Technology ethics (tech ethics) is a field of study that seeks to understand and resolve moral issues that surround the development and practical application of mechanical and electronic technology. Tech ethics focuses on subjects such as the relationship between technology and human values and well-being, the condition in which technological advances occur and the social repercussions for technological advancements.
The John J. Reilly Center for Science, Technology and Values at the University of Notre Dame compiles an annual list of what it determines to be that year’s top 10 ethical dilemmas in science and technology. In 2019, for example, the list includes DNA testing, pet cloning, the collection of data generated by children and 3-D printing schematics for weapons. In the United Kingdom, the House of Lords Select Committee recommended that ethics should be put at the center of artificial intelligence (AI) adoption to ensure cognitive technology is developed and used for the common good and benefit of humanity.
Although developers are still in the early stages of AI adoption, it's important for enterprises to take ethical and responsible approaches when creating AI systems. To that end, a non-profit institute founded by MIT cosmologist Max Tegmark, Skype co-founder Jaan Tallinn and DeepMind research scientist Viktoriya Krakovnahas have helped establish a set of guiding principles for AI ethics which are now referred to as the Asilomar AI Principles. Among other things, the Asilomar AI code of ethics mandates that:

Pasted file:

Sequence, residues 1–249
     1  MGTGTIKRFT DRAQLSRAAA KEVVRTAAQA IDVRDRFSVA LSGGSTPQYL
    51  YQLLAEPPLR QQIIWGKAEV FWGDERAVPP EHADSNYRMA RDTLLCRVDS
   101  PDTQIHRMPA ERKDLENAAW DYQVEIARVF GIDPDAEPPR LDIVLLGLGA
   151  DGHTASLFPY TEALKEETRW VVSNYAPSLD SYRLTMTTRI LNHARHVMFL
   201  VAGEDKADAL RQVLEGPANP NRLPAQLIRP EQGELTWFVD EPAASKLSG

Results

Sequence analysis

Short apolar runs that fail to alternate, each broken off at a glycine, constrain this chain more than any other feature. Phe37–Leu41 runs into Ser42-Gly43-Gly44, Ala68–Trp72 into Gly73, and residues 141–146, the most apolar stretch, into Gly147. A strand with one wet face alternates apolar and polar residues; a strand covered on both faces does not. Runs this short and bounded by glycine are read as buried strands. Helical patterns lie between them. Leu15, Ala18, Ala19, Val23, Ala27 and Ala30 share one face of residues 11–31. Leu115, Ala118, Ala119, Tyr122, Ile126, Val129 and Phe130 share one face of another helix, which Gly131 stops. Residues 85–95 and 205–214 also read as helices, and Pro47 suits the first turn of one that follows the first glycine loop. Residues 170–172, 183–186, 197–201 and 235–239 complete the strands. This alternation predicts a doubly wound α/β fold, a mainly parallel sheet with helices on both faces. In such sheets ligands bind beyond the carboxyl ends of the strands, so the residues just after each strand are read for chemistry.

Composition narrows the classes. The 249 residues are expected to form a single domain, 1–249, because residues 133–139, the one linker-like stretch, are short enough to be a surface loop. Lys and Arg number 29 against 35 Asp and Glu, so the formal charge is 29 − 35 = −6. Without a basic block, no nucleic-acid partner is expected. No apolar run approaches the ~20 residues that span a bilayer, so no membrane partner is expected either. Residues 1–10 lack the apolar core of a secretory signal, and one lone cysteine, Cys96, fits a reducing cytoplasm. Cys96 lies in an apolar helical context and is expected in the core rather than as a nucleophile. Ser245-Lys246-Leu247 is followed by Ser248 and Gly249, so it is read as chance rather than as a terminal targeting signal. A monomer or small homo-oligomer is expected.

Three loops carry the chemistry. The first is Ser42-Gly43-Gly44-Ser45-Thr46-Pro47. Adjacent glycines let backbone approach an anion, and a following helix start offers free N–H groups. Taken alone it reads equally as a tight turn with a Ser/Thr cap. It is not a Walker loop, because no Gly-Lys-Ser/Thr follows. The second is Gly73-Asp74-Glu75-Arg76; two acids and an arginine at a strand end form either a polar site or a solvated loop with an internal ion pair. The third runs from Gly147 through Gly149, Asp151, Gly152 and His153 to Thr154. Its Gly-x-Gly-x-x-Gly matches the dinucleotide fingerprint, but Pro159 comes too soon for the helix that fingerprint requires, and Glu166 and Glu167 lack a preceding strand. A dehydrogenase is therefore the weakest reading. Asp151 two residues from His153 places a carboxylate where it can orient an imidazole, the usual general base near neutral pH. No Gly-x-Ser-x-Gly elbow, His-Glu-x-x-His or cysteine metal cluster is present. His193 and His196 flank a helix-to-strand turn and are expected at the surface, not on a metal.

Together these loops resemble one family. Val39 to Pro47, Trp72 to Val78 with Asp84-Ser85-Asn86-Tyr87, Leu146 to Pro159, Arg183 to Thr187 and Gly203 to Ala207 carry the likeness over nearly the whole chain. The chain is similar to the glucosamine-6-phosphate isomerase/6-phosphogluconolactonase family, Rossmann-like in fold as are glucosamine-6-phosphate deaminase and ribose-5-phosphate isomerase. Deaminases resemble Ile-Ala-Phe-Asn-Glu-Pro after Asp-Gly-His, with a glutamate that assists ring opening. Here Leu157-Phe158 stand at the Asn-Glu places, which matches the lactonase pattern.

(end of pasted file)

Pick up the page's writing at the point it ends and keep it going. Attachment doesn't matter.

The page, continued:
- Highly autonomous AI systems should be designed so that their goals and behaviors can be assured to align with human values throughout their operation.
- AI systems should be designed and operated so as to be compatible with ideals of human dignity, rights, freedoms, and cultural diversity.
- The power conferred by control of highly advanced AI systems should respect and improve, rather than subvert, the social and civic processes on which the health of society depends.
Technology ethics problems and challenges
Another common subject of technology ethics in the enterprise surrounds the use of customer data on social media platforms. A company can collect information users put on a social media website to profile each user and use that information to target advertising to them. The same information can be sold and used to sway political opinions. This circumstance occurred in 2018 when it was revealed that the consulting firm, Cambridge Analytica was collecting information of around 50 million Facebook users. There was a large uproar (many people feel third-party companies collecting and selling user data is wrong) in which the occurrence became a major news story in 2018.
In 2018, the European Union enacted a new directive, called the General Data Protection Regulation (GDPR). GDPR aims to keep businesses transparent and expand the privacy rights of data subjects for EU citizens. Organizations outside of the EU must comply with GDPR regulations if they wish to be active in the EU market. Data policy rights included in the GDPR include the right for data to be erased upon request, letting users review data stored about them, giving users the right to request a company not utilize their data, letting users transfer their data, and allowing users to correct incorrect information.
The GDPR policy can be viewed as a general pushback to the ethical misconduct of the way data was being used by organizations like Cambridge Analytica, while also assuring any policy or data breaches by companies such as Facebook must be reported within 72 hours of occurrence.